two poets, one in blue denim buttoned up shirt in a basement; one in low-neck sleeveless top, tattoo on left arm

Poetry Center Book Award Reading: Lynn Xu and Jacob Kahn

Thursday, May 02, 2024
Event Time 06:00 p.m. - 07:30 p.m. PT
Cost Free and open to the public
Location Online event
Contact Email


The Poetry Center presents poets Lynn Xu and Jacob Kahn, each reading their work then joining in conversation with one another and their audience. Xu's book, And Those Ashen Heaps That Cantilevered Vase of Moonlight (Wave Books, 2022), is selected by Kahn to receive The Poetry Center Book Award, given each year since 1980 to an outstanding book of poems. Join us for this online-only event.

Register here.

VIDEO for this program will be posted after editing at Poetry Center Digital Archive.

  • Lynn Xu’s And Those Ashen Heaps That Cantilevered Vase of Moonlight is both embodied meditation on and mythic labor through the exhausting multiplicities of birth, death, and the diaphanous channel rippling between. It evokes the brute physicality of coming into being (“Rippling in the ceosops / foreskin of wind / still surrounded by blood / poverty / and the uneven caresses”); toils in the flushed, pained ecstasies of gestating, birthing, mothering; flickers in and out of ancestral exchange (“The Unanimous Mother / When does she arrive?”); and cycles through dream and memory and mythos and memory and dream. Extrusion, excretion, involution, absorption, fever, resistance, the poverty of the living, the starkness of the organism: “This morning / standing over myself / as one does / a kind of poverty / to be born / from nothing.” Birth as memorial, and memorial as birth. These interstitial strands extrude and involute their way into a singularly charged poetic material weaving and dissolving the boundaries of being and time, self and (m)other, womb and space, before and after. The title—itself an irresolvable linguistic construct, a mesmerizingly dense invocation which supplies the elements yet evades the guidelines of sense—are the ashen heaps doing the cantilevering? Is a comma missing or a caesura implied?—is also the chorally haunting opening of the book, each word in all caps given is its own page, before the screen goes dark as it were, a black page offsetting our descent into the text. Xu is a stunning lyricist, spare and virtuosic, inventive, whose sense of syntactic rigor and paratactic surprise is ever-present across her poetry, even in a book as different from her first, the poetry collection Debts & Lessons, as the more experimental And Those Ashen Heaps That Cantilevered Vase of Moonlight. Less a book-length poem than a single operatic or staged entity, this book uses a set of structural, linguistic, and visual techniques that make reading it feel like sitting before a surrounding multichannel display. Or, an arthouse reimagining of the human development ur-film The Miracle of Life, eschewing the classic’s documentary empiricism for a kaleidoscopic oracularity, combining modes of elegy, libretto, hosanna, dream journaling, and visual poetics. The propulsive play of those visual poetics gives the book its transitive urgency: fonts are enlarged to unusual sizes, all caps and italics employed with figurative purpose, sections separated by pixelated black abstractions resembling the cloudy details of an ultrasound, single words or short lines absorb entire pages, and white text in English and Chinese and Spanish emanates out from pitch black pages. (Notably, And Those Ashen Heaps That Cantilevered Vase of Moonlight was adapted as a monumental text-based multimedia installation at Museum of Contemporary Art Tucson in 2022-23, an exhibition which, even from afar, seems a perfect distillation of this spectral work.) Altogether, the book’s formal experimentation and gripping vocality function to intervene on behalf of the living and dead, or function in the shadow of their intervention, to labor and mother and commune in body and spirit against a brutalist world whose violence and inhumanity would have us ripped from any and all lineage and scattered, unmemorialized, as ash. Its feminism refuses this denial by situating the book as a sacred site for the growing and feral, the wretched, the pregnant, the pro- and preceding: “DREAMING YOU, / FLOWING IN MY BODY, / BODY OF THE OTHER, / WRITING MYSELF, / with the illegibility of an / ALREADY that leads back to / nothing, / DON’T DIE.”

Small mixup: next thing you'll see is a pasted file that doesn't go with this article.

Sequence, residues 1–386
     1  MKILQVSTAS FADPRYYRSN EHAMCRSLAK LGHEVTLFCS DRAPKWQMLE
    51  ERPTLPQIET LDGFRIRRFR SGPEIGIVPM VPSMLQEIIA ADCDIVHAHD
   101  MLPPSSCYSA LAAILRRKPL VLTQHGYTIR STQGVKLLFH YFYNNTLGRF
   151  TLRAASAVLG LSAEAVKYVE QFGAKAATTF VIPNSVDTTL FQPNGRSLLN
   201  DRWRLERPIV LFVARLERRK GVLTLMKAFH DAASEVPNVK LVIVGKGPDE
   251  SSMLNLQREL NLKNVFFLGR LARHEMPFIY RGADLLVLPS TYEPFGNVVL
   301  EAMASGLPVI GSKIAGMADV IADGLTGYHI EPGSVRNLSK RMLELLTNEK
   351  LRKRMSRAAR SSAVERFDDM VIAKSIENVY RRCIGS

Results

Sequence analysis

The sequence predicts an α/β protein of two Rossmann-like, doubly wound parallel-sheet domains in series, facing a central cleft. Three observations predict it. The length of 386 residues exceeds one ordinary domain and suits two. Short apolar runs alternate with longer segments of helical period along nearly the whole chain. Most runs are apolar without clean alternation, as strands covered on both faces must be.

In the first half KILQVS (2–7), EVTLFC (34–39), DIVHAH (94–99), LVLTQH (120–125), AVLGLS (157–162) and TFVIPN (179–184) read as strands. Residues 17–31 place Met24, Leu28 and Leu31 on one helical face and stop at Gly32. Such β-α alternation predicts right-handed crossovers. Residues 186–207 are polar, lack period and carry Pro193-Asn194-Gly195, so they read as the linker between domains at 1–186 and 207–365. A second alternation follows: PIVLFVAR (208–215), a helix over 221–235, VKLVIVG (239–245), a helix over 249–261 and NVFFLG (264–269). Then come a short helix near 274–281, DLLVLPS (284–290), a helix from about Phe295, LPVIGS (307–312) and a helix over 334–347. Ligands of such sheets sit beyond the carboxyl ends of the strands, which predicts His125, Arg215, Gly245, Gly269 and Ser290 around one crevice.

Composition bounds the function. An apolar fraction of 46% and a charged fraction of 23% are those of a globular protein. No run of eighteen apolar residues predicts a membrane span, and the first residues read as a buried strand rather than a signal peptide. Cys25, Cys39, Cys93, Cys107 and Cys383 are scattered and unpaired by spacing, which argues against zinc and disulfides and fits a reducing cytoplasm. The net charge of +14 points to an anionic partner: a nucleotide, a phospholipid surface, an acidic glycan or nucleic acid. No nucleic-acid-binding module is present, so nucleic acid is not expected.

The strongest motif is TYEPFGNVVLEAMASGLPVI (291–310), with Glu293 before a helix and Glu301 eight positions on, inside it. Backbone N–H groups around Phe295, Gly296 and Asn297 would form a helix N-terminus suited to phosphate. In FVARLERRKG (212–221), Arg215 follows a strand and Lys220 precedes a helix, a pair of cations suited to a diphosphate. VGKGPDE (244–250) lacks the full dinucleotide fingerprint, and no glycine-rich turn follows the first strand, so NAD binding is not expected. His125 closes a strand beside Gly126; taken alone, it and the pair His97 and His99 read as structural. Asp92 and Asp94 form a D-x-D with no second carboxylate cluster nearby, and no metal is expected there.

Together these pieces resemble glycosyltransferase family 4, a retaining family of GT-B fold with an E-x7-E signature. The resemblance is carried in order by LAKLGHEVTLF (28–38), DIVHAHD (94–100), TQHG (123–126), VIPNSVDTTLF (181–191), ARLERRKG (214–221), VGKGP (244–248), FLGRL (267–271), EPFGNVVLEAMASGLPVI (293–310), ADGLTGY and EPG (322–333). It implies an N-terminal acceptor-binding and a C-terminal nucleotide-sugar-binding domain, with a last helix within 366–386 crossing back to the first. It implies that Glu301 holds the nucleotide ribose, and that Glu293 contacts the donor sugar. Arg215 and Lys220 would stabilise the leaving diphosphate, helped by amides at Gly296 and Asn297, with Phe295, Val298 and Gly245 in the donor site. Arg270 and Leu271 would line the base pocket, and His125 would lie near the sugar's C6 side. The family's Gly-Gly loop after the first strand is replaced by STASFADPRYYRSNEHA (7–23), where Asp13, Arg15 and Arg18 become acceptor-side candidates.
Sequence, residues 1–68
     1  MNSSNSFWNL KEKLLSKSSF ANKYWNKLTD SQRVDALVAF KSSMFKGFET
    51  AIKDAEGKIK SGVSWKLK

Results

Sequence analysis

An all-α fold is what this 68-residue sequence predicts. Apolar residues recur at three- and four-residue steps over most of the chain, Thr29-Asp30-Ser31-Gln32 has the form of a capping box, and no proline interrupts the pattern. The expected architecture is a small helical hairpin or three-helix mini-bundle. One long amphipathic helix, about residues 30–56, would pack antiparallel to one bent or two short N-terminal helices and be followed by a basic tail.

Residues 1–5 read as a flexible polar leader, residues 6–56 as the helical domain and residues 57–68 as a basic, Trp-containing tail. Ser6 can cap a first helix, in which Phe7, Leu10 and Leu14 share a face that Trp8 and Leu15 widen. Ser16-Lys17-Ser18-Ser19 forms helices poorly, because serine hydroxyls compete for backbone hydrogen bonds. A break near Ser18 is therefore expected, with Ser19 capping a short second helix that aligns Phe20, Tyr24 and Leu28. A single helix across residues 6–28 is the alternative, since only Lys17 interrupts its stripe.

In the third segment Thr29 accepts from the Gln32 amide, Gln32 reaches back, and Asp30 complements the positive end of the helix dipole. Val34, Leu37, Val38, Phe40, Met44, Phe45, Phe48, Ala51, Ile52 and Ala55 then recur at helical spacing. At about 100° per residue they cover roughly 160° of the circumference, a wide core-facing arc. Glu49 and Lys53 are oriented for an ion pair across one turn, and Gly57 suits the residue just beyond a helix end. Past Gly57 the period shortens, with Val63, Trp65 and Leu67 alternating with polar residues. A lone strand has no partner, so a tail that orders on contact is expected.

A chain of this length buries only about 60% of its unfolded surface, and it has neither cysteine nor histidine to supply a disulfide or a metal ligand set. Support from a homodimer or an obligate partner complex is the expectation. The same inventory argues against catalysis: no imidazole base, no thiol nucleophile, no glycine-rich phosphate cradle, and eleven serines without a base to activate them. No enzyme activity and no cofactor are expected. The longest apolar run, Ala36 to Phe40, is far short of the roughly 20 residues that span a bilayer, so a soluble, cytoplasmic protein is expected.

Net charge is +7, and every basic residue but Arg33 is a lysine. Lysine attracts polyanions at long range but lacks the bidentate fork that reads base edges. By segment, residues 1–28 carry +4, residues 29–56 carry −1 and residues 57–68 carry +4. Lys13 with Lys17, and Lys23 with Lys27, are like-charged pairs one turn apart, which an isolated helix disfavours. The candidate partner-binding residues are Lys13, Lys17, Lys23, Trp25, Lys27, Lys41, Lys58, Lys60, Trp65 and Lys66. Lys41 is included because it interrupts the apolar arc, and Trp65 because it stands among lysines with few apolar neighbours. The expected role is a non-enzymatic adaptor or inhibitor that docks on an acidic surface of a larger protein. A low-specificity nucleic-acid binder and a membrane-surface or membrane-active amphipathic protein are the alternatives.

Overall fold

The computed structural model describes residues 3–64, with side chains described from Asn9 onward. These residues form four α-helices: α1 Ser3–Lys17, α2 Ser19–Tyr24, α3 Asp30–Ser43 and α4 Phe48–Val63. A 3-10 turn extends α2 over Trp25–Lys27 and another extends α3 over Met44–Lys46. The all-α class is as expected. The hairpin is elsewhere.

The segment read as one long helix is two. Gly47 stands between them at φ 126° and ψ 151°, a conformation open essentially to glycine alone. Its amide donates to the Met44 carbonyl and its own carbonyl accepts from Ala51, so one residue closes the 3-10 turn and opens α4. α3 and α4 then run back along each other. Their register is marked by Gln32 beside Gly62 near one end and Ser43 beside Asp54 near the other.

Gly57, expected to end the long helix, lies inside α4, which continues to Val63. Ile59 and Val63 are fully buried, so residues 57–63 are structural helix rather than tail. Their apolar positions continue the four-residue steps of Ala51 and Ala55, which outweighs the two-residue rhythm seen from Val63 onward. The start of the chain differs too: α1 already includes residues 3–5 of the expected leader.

—judge's statement by Jacob Kahn

Born in Shanghai, Lynn Xu is the author of the full-length collections Debts & Lessons (Omnidawn, 2013) and And Those Ashen Heaps That Cantilevered Vase of Moonlight (Wave Books, 2022). The latter work was on view at the Museum of Contemporary Art in Tucson as an exhibition of the same title, and the book was selected for The Poetry Center Book Award. Author as well of two chapbooks: June (Corollary Press, 2006) and Tournesol (Compline, 2021), Xu has performed cross-disciplinary works at the Guggenheim Museum, the Renaissance Society, Rising Time Projects, and 300 S. Kelly Street. She teaches at Columbia University, co-edits Canarium Books, and lives with her family in New York City and West Texas. Photo by Joshua Edwards.

Jacob Kahn is a poet, editor, and curator living in Oakland, CA. He is the author of the book Mine Eclogue (Roof Books, 2022) and several chapbooks, most recently A Is For Aegis (DoubleCross Press, 2021). With Sophia Dahlin, he runs the chapbook press, Eyelet Press, and the reading series, Islet. Previously, he was a managing editor, curator, and bookseller at Wolfman Books, a bookstore, small press, and community arts hub in downtown Oakland, and a 2018 fellow at Epicenter in Green River, UT, a rural design studio and community-based artist residency. He works as a librarian at Berkeley Public Library. Photo by Nikolai Hagen. 


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